Hollywood Releases Skip Indian Multiplexes Over Revenue Sharing Terms

Susie Allnutt/Marvel Studios/Paramount Pictures

'Final Destination 5' and 'Captain America' only open on single screens as negotiations over revenue-sharing terms remain unresolved.

NEW DELHI -- Hollywood releases Captain America and Final Destination 5 will not be cashing in at India's multiplexes in what could have been a lucrative holiday box office weekend.

With negotiations between studios and the Multiplex Association of India still unresolved over revenue sharing terms, the impasse extends last weekend's non-release of Rise of the Planet of the Apes at multiplexes which led distributor Fox Star Studios to expand the film's release only via 450 single screens.

Among India's total estimated 9,000 screen count, multiplexes account for an estimated 1,500 screens, which can contribute to over 50 percent of a film's total revenues given the high-value urban metro market served by multiplexes, especially for Hollywood movies.

Typically, between single screens and multiplexes, major Hollywood releases with dubbed language versions can open here with about 400 to 700 prints.

As reported earlier, the tussle over revenue terms between producers and multiplexes goes back to 2009 which resulted in a strike by Indian film producers until an agreement was hammered out between both parties. The agreement – which expired on June 30 – finalized a profit sharing equation where producers would get 50 percent of the opening weekend revenues followed by 42.5 percent in the second week, 37.5 percent in the third week and 32.5 percent in the fourth week.

Following the agreement's expiry, revenue terms were once again open to negotiation. Industry observers have speculated that multiplexes are now demanding an increase in their revenue shares which would mean a revision of producers' shares at 45 percent in the first week, 37 percent in the second week, 32.5 percent in the third week and 25 percent in the fourth week.

But the revised terms are first being negotiated for Hollywood releases while Indian films are still opening as per earlier terms. Major Bollywood release Aarakshan (Reservation) opened Friday in multiplexes but the film has faced its own hurdles given its controversial take on India's education system which has led the state governments of Punjab and Uttar Pradesh not approving the film's release in those markets. Smaller films are also opening in multiplexes such as Hindi suspense title Phhir (Again). The showdown between multiplexes and studios could have thwarted the earlier release of Warner's Harry Potter and the Deathly Hallows Part 2 but a last-minute settlement was reportedly reached where revenues will be shared on terms decided for upcoming releases.

“The multiplexes are renegotiating revenue terms first with the Hollywood studios and then use that as a base to restart negotiations with Indian producers,” Mumbai-based consulting firm PricewaterhouseCoopers India entertainment industry analyst Timmy Kandhari told The Hollywood Reporter. “Its really about who blinks first. Hollywood studios seem to have more staying power – and are willing to take a temporary hit - which explains why they are not accepting the revised terms from multiplex operators but for the moment, both parties are losing out. However, I do feel that both will arrive at a solution at some point."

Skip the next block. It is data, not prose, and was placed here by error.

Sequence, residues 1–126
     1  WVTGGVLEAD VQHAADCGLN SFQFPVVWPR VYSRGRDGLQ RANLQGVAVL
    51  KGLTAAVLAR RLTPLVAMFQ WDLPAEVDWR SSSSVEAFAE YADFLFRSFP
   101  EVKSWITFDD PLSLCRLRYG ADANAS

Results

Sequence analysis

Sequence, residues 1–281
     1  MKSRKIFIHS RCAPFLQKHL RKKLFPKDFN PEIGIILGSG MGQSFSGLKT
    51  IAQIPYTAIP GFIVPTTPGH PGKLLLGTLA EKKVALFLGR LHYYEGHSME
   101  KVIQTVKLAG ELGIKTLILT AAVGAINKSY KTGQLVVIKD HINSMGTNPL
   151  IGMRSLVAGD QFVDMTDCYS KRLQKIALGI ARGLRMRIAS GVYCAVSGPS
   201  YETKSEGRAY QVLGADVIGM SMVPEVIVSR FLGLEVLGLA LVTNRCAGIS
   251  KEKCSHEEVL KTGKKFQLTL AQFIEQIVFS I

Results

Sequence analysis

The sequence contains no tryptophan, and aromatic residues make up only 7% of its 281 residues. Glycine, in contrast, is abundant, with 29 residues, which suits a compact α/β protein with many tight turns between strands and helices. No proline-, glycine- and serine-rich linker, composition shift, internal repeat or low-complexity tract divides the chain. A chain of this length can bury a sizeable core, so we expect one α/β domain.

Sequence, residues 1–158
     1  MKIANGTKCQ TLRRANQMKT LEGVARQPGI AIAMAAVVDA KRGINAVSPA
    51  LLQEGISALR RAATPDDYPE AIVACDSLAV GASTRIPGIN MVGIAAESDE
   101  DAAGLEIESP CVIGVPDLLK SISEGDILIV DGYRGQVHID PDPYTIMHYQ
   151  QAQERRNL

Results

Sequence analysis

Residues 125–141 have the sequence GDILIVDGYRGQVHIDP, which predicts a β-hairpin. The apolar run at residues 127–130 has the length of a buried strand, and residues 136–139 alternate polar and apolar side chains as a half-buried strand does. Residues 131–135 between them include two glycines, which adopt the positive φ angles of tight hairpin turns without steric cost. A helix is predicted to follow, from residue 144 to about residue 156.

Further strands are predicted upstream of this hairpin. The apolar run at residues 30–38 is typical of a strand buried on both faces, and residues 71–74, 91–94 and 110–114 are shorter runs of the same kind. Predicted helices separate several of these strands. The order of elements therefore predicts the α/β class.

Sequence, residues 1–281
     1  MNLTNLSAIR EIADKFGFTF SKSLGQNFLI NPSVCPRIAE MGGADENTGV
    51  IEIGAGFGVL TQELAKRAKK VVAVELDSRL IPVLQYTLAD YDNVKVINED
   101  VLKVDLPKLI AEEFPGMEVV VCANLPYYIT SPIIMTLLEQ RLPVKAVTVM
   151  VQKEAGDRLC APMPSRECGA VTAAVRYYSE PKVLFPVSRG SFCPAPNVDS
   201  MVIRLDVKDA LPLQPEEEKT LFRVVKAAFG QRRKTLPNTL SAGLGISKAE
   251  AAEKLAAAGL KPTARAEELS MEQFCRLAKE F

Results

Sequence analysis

As an example of potential loss of revenues, Apes grossed about 59 million rupees ($1.3 million) in its opening weekend according to Fox Star Studios but “this figure could have been double had the film opened in multiplexes,” according to Kandhari.

Considering Aarakshan – whose cast includes Bollywood icon Amitabh Bachchan – was the only major domestic release this weekend, industry observers speculated that Hollywood titles Captain America and Final Destination 5 had a good chance of wowing audiences over the holiday weekend.

At press time, distributors for Final Destination 5 (Warner Bros Films India) and Captain America (Viacom18 Motion Pictures) did not offer any comment and neither did the Multiplex Association of India whose members include major chains such as Big Cinemas and PVR Cinemas.

While multiplexes have carved a major urban market, single screens have also seen a reinvention thanks to digital conversion, mostly notably by Mumbai-based digital cinema solutions provider UFO Moviez which operates 2,500 screens nationwide. However, most of UFO's digital screen network does not comply with Hollywood's Digital Cinema Initiative (DCI) technical specifications which means Hollywood releases cannot open on these screens. UFO also offers a DCI compliant solution via an affiliaite company Scrabble which has converted mostly multiplex screens in urban markets.

“Hollywood studios are really missing out on an opportunity by not opening on a majority of our screens which cater to a growing market in mostly non-metro areas,” UFO Moviez India CEO Rajesh Mishra told The Hollywood Reporter. “Hollywood releases are trying to expand their market share via regional language dubbed prints for which non-metro markets can be a major segment. While Indian films continue to play successfully on our (non-DCI compliant) network, its Hollywood that is losing out.”